Beyond the wall: On the Gandhis looking for scapegoats
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Meanings are given in Bold
Failure is always an orphan, but the scramble ( perform (an action) or achieve (a result) hurriedly, clumsily, or with difficulty) among Congress leaders to stick the genesis ( the origin or mode of formation of something) of the party’s devastating ( highly destructive or damaging) collapse in the Lok Sabha election on someone else is comical. What gives it a dark edge is that this evasiveness ( To avoid something) is being condoned ( accept (behavior that is considered morally wrong or offensive)), even promoted, by the reigning ( be the dominant feature of a situation or place) supremos ( a person with great authority or skill in a certain area).
The Gandhis, Sonia, Rahul and Priyanka, were apparently shocked that the party lost as it did in the election. They would not be, had they been in touch with the political situation on the ground that they keep themselves ferociously ( in a savagely fierce, cruel, or violent manner) insulated from, with the help of self-serving aides. This collapse was long in the making, and on their watch — and the signs were all around. It is true that the party was up against factors that were loaded in favour of its principal opponent, the BJP, such as money power and the partisan ( a strong supporter of a party, cause, or person) conduct of the Election Commission. Cataloguing only this is not, however, an honest route to an objective understanding of the party’s degeneration.
The lack of maturity, egocentrism, and sense of entitlement underlying Congress president Rahul Gandhi and his sister Priyanka Gandhi Vadra’s response in the aftermath of the defeat are disheartening for sympathisers and a boon ( a thing that is helpful or beneficial) for the BJP. Mr. Gandhi called out senior leaders for not supporting him and resigned as party president — but he should know that in politics, victory and power are commanded, not sought as a favour; Ms. Vadra told a meeting of Congress workers in Uttar Pradesh that they were responsible for the setback — she should know there is hardly any reason why anyone should be working for the party at all in U.P., unless the leadership inspires them to do so.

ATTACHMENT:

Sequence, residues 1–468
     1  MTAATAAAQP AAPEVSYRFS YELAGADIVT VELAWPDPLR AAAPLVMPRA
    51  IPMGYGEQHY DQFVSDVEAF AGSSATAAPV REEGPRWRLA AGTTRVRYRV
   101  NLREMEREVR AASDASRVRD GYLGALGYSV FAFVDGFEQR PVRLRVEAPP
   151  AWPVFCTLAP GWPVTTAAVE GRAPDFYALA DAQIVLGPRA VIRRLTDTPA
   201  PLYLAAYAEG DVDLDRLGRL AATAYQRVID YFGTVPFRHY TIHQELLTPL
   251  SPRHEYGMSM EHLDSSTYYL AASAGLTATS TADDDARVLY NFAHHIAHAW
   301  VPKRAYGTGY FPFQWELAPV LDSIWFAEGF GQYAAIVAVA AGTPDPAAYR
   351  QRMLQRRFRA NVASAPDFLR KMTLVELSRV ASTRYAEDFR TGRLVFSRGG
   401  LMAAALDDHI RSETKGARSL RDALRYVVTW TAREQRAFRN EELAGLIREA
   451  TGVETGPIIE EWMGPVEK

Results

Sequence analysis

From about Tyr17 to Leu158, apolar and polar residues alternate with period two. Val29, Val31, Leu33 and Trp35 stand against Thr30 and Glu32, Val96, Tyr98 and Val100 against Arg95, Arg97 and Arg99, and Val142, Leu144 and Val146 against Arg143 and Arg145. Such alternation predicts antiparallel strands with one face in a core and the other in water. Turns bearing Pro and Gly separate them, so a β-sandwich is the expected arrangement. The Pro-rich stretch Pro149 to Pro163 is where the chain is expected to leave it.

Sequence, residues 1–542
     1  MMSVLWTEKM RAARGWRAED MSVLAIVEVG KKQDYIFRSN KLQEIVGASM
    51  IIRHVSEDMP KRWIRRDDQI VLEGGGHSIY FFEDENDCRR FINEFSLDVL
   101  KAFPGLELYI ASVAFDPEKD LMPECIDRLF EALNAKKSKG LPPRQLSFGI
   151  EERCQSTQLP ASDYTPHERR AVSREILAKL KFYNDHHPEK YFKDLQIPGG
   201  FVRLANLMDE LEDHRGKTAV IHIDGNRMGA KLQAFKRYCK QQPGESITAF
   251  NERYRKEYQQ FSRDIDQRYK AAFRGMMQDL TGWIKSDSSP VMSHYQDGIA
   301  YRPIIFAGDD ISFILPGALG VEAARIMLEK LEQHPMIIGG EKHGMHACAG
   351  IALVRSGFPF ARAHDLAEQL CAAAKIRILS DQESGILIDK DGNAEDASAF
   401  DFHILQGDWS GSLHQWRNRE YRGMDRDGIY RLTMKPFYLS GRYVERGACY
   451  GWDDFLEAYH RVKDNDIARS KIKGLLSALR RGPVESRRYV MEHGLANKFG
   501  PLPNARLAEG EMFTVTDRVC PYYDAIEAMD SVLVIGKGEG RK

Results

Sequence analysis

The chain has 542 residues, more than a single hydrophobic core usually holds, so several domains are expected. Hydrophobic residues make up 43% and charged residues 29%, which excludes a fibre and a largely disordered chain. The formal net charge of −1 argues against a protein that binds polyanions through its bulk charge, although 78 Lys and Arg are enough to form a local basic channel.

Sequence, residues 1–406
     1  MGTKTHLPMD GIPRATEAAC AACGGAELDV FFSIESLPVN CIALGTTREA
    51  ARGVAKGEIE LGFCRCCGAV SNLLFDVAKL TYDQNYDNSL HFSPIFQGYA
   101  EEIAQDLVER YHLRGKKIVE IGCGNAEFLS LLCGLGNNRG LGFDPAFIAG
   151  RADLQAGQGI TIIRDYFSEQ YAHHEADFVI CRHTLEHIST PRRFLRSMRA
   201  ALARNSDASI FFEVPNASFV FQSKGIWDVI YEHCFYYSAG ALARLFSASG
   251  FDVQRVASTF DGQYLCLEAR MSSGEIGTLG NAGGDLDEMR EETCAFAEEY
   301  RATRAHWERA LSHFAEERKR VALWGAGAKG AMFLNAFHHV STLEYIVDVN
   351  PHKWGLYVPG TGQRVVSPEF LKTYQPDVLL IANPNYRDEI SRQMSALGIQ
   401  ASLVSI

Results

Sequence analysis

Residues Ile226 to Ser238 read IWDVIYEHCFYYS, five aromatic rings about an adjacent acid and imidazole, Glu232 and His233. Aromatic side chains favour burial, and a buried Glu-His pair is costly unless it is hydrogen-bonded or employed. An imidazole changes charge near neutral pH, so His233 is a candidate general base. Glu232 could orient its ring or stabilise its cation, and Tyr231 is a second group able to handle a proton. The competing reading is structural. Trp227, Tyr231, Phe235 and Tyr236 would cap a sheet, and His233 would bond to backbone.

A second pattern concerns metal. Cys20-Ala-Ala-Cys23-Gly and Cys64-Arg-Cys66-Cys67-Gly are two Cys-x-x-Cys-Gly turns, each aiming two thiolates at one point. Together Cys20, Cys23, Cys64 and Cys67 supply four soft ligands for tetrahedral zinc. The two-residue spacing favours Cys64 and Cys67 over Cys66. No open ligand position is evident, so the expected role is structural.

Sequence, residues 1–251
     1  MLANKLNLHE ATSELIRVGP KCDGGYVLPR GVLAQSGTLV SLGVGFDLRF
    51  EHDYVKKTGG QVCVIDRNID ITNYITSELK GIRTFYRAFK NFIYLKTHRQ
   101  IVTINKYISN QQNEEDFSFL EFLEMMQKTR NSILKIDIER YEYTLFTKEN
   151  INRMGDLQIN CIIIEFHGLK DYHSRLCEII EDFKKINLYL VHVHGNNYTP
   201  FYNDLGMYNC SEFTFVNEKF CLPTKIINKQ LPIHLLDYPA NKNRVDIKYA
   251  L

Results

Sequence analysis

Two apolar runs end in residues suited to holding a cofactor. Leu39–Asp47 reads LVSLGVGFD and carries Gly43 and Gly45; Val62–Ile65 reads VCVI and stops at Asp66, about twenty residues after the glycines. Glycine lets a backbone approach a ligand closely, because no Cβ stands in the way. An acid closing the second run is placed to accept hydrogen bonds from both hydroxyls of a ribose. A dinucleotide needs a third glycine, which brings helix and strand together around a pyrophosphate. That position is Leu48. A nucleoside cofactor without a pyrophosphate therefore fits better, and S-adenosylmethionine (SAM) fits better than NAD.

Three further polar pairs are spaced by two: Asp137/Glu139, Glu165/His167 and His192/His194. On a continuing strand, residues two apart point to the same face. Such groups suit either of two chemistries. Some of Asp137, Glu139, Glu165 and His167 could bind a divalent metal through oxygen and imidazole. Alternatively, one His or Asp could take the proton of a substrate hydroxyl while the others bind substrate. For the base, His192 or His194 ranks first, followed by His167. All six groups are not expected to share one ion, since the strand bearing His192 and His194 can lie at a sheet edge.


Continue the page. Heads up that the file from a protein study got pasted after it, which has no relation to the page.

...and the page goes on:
Blaming subordinates is bad leadership; simply threatening to walk away in the face of a setback is irresponsible brinkmanship (the art or practice of pursuing a dangerous policy to the limits of safety before stopping, especially in politics). This is why it is revealing that in the midst of all this, the brother-sister duo met Navjot Singh Sidhu, a recent entrant from the BJP to the Congress who is publicly challenging Punjab Chief Minister Amarinder Singh, who led the campaign from the front and held the State for the party. Mr. Sidhu’s photo-op gave sufficient grounds to assume that even in this moment of existential crisis, the Congress leadership is susceptible to machinations by courtiers ( attender ; companion ; adviser) who have a history of undermining strong regional leaders.
On a more self-reflective note, Mr. Gandhi would realise that his obsession, to the exclusion of almost everything else, with elections in the party’s student and youth wings was meaningless and self-indulgent ( lacking economy and control). Good leaders know there is only one way to go when pushed to the wall. For that he needs to hold himself accountable to his party persons, and openly so. The Congress today needs a strong leader; and Indian democracy needs the leader of the largest Opposition party to be mindful of the responsibility that the position carries. Mr. Gandhi must decide whether he can be that leader.